IFTTT now has a littleBits channel.

Now THIS is a pretty crazy GMail trick: Search GMail and compose new e-mails straight from Chrome’s address bar.

Your Google Maps app wants you to get out there and explore. “Now, whenever you want to discover places in your area, simply tap the new Explore button at the bottom right corner of your map to get a quick look at what’s nearby (where available). With Explore as your guide, you’ll see different places and activities that adapt to each area and moment throughout your day. This also works when you’re browsing other neighborhoods and cities on the map so you can plan your day’s outing or daydream about your next vacation.”

More Google Maps: Google Street View is expanding in Asia. “As is so often the case with Google Maps and Street View projects in Asia, the internet giant has teamed up with the local government and tourism organization for what it hopes will ‘create new ways for people around the world to experience Laos, and by doing so, help create better awareness of this country and attract more tourism.'”

Yelp has launched a Trends tool. “Yelp has launched a new ‘Trends’ tool which allows users to enter search terms to compare 10 years of historical review data from around the world.”

Mark Zuckerberg says Facebook search is a multiyear voyage. “In a leaky rowboat,” he did not add. Okay, Graph search is great, but a lack of a plain keyword search — even against your own wall! — is annoying. (I know there are third party tools, but why can’t it be built in?)

Google’s algos are not the same in all countries. Are you surprised? The issues seem to be languages and possibly niches.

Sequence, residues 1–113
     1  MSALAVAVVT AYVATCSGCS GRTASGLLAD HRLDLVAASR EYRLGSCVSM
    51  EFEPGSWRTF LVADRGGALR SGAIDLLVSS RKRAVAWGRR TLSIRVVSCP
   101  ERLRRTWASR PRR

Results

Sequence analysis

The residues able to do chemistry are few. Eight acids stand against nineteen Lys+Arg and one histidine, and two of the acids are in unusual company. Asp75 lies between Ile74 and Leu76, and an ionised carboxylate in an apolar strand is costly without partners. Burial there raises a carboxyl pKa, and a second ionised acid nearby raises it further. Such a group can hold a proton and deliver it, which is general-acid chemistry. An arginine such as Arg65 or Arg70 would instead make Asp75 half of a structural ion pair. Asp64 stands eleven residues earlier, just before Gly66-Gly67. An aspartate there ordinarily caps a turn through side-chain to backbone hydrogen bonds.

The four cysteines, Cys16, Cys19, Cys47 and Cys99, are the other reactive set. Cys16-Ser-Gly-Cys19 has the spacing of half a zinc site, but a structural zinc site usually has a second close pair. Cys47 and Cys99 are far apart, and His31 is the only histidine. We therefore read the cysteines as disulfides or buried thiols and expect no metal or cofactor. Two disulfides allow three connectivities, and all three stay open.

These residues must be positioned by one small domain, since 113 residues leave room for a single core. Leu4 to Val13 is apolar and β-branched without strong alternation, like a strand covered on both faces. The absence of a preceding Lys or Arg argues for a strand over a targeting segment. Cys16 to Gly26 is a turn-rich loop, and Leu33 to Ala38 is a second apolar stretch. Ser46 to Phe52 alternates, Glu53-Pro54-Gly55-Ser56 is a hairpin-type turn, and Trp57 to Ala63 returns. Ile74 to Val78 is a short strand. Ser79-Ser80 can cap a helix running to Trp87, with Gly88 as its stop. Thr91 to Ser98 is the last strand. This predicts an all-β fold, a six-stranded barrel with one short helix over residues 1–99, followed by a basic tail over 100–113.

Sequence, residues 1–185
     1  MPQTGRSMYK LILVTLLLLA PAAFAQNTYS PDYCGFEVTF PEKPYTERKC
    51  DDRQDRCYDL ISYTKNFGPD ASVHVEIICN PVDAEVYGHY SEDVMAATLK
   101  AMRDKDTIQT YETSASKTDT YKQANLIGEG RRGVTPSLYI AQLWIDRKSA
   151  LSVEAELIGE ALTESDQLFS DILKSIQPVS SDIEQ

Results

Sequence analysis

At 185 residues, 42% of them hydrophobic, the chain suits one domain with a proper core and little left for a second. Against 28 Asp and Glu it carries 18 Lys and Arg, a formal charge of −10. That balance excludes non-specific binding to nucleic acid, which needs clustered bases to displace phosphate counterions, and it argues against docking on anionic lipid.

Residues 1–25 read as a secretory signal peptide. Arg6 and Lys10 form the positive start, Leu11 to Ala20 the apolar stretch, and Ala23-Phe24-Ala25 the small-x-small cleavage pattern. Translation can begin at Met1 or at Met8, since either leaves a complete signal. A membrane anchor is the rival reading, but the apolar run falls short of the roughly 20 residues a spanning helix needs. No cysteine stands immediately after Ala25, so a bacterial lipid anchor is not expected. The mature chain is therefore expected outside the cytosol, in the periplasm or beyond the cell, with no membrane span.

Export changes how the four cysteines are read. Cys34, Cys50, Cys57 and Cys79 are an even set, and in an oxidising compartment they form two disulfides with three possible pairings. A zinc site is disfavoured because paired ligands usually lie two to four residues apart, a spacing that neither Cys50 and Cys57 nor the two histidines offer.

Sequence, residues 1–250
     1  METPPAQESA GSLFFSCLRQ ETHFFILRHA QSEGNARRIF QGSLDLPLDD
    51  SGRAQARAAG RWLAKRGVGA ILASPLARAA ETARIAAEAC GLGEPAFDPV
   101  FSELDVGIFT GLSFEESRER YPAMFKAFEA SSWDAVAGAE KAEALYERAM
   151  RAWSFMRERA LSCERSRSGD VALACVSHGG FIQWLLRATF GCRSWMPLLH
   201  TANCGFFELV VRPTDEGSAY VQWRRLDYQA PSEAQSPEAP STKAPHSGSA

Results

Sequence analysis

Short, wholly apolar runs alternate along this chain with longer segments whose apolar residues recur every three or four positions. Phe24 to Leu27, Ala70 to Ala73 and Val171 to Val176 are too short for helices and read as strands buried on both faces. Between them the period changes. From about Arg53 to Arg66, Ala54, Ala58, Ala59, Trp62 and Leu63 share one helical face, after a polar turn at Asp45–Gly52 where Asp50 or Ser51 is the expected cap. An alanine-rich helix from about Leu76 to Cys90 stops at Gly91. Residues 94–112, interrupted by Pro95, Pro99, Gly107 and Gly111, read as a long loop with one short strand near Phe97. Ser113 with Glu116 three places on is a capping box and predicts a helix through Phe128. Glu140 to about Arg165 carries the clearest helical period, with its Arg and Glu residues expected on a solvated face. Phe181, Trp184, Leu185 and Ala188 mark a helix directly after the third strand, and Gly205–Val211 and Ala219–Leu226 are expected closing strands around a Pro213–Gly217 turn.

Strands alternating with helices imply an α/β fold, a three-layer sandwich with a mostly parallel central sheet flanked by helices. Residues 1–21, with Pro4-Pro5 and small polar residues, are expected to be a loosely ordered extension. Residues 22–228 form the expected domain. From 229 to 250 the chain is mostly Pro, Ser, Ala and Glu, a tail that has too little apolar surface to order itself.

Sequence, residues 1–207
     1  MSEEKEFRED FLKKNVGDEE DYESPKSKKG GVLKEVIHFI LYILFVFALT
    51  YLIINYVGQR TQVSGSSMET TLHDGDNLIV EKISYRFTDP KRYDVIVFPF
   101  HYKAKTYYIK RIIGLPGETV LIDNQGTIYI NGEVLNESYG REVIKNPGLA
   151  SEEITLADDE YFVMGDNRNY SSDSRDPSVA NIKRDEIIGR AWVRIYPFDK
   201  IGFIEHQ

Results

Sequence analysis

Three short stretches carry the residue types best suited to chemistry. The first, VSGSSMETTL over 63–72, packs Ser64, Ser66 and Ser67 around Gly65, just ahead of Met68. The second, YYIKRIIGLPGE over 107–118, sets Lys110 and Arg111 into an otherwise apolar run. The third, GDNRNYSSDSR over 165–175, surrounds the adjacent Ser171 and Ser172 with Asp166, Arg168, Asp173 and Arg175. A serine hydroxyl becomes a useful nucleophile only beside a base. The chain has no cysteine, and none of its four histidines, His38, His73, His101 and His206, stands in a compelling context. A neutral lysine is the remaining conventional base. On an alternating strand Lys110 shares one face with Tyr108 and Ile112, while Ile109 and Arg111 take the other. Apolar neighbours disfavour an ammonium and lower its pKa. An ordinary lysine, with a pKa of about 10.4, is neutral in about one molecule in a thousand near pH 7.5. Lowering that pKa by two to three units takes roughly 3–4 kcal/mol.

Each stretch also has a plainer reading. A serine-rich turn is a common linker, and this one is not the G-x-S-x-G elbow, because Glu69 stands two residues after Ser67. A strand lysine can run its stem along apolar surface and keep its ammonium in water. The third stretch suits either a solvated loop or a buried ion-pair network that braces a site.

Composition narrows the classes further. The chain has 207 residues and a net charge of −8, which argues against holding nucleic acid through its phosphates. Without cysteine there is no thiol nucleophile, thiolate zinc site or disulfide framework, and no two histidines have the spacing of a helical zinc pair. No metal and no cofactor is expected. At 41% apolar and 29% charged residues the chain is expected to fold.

Want to “Swipe” Reddit? You can do it with Karma Swipe.

LinkedIn, now with direct sponsored content.

Here ya go: FamilySearch’s latest big add. “Notable collection updates include the 1,160,179 indexed records from the UnitedStates, Hawaii, Honolulu Passenger Lists, 1900–1953, collection; the 50,858 indexed records from the Peru, Cusco, Civil Registration, 1889–1997, collection; and the 99,950 indexed records from United States, Panama Canal Zone, Employment Records and Sailing lists, 1905–1937, collection.”

WOW. There’s a Tumblr devoted to screenshots of old GeoCities sites. OH THE NOSTALGIA. Good morning, Internet…

I love your comments, I love your site suggestions, and I love you. Feel free to comment on the blog, or @ResearchBuzz on Twitter. Thanks!

Dollywood, Facebook, Skype, More: Morning Buzz, July 24th, 2014

Google Street View has gone to Dollywood (PRESS RELEASE). In a less high-profile event, Google Street also mapped Connecticut College. Dig the high-five with the camel mascot.

Reddit Live is now official. “anyone can use Reddit Live and submit their ongoing threads to a dedicated subreddit.Unlike traditional Reddit posts, these threads will update in your browser automatically and in real-time. They also support embedded tweets, which can in turn facilitate images, YouTube videos and article links.”